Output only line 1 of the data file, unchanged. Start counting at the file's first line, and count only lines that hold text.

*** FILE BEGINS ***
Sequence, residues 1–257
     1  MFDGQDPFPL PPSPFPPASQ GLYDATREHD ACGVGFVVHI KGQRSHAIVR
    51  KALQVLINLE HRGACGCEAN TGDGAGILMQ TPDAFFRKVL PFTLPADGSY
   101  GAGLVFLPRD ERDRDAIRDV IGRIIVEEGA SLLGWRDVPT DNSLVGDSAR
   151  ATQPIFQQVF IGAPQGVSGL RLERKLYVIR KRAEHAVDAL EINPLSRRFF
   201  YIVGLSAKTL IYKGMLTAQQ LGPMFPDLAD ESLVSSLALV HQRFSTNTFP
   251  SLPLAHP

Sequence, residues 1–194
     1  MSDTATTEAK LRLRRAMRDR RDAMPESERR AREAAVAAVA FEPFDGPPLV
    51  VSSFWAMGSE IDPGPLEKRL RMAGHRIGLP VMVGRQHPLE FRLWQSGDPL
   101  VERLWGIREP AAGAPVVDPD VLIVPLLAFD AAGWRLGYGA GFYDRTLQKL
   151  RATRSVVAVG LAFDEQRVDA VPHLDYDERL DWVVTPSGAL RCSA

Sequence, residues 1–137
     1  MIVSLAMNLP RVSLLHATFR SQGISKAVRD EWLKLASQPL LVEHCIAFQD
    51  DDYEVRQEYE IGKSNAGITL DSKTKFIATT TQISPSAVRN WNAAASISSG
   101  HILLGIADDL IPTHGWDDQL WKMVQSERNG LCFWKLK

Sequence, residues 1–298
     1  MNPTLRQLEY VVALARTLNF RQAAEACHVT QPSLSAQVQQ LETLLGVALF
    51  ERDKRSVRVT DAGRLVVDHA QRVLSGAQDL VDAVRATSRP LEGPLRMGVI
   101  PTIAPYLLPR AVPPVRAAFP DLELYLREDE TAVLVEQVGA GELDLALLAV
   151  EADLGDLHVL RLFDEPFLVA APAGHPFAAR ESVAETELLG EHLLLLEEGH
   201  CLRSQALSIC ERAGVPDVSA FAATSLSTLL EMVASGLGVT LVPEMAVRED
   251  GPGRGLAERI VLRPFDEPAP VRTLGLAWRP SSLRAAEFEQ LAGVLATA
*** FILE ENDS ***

Sequence, residues 1–257